Our democracy will mature when we stop voting for caste, religion
I agree with Sagarika Ghose's suggestion in Mr Fixit vs Mr Dreamer (Bloody Mary, April 10) that Narendra Modi and Rahul Gandhi are as different as chalk and cheese in their persona, style of politics and
background. I, however, don't agree with her that our democracy is maturing. Our democracy will mature only when people stop voting in the name of caste or religion and broaden their thinking and politicians seek for votes on the basis of their performance. Modi alone cannot change the way our democracy functions. But yes, he is a ray of hope amidst a general darkness.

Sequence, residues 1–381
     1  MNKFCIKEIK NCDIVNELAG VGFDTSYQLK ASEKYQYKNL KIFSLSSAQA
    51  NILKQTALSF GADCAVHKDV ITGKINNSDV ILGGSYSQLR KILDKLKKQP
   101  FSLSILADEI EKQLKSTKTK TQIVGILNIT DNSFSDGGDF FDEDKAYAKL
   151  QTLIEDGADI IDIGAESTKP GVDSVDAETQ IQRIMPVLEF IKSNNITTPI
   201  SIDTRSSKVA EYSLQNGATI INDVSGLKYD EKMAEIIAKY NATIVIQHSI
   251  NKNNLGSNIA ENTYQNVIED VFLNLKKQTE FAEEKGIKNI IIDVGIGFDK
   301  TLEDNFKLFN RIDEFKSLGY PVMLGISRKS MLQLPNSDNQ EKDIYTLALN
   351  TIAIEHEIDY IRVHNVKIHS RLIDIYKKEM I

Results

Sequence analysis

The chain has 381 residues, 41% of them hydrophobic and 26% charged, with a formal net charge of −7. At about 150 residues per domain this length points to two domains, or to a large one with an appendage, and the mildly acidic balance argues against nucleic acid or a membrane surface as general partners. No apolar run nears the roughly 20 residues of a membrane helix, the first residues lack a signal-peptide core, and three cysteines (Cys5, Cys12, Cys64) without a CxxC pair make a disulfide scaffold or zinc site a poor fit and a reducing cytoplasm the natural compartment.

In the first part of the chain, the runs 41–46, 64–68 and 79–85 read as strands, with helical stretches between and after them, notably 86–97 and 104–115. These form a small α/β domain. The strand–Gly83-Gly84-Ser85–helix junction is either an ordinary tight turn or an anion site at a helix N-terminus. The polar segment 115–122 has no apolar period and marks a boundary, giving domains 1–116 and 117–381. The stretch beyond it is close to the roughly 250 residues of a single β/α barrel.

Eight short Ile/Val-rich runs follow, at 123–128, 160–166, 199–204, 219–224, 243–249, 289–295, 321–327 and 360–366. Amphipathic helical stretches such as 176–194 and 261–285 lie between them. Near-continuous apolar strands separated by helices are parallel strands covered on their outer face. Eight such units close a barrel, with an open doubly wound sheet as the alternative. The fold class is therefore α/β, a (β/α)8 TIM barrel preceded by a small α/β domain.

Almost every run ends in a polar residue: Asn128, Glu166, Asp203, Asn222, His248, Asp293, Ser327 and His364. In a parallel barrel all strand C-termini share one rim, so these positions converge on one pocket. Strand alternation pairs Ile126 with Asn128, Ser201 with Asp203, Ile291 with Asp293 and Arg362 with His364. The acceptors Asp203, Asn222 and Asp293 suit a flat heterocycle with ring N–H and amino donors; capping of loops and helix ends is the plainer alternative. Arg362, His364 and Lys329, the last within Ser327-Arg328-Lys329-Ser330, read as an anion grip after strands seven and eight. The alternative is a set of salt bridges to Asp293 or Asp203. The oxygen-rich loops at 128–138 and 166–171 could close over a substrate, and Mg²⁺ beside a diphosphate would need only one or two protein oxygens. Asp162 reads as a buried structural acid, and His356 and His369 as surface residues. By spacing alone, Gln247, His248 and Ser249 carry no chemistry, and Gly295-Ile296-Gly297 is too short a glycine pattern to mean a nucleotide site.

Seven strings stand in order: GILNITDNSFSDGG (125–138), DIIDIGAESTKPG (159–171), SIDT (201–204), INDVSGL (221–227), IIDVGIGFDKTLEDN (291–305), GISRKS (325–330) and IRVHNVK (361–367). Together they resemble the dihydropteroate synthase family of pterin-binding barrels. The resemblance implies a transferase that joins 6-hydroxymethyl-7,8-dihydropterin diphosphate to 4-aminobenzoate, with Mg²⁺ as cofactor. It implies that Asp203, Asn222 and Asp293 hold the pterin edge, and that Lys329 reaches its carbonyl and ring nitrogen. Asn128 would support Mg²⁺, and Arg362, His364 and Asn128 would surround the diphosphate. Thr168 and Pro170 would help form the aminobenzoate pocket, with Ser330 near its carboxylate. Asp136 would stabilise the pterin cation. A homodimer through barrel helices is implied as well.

Bal Govind, Noida
They connected with the people
Gopalkrishna Gandhi in The creativity wallahs (Incidentally, April 6) paints a vivid picture of writer Ruth Prawer Jhabvala and educationist Ahalya Chari, both of whom died recently. While Jhabvala was a distinguished author and winner of the Booker Prize and the Oscar, Ahalya Chari was one of the architects of the education system in India. Both of them touched lives in a profound way that struck a chord with the people. Chari laid focus on creative education and was a visionary who formulated a child-friendly educational curriculum.
Devendra Khurana, Bhopal
Listen to legitimate grievances
With reference to the editorial Sensitivity and more sense now (Our Take, April 9), Jairam Ramesh rightly suggests that the Kashmiri youth are largely unemployed and easy prey for terror outfits in Pakistan. Chief minister Omar Abdullah needs to be encouraged to bring Kashmiri youth into the mainstream. If we wish to restore normalcy in the state the indifference of Indian authorities to their legitimate grievances must stop.
Ashok Goswami, Mumbai